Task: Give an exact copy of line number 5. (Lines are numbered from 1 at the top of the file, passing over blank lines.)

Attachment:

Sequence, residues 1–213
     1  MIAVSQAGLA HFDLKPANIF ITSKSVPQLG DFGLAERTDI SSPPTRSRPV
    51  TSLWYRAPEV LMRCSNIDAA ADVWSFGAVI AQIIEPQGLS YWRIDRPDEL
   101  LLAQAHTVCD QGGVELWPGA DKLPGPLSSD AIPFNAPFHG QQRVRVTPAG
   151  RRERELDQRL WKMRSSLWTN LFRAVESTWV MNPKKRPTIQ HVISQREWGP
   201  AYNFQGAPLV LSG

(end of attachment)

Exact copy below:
   151  RRERELDQRL WKMRSSLWTN LFRAVESTWV MNPKKRPTIQ HVISQREWGP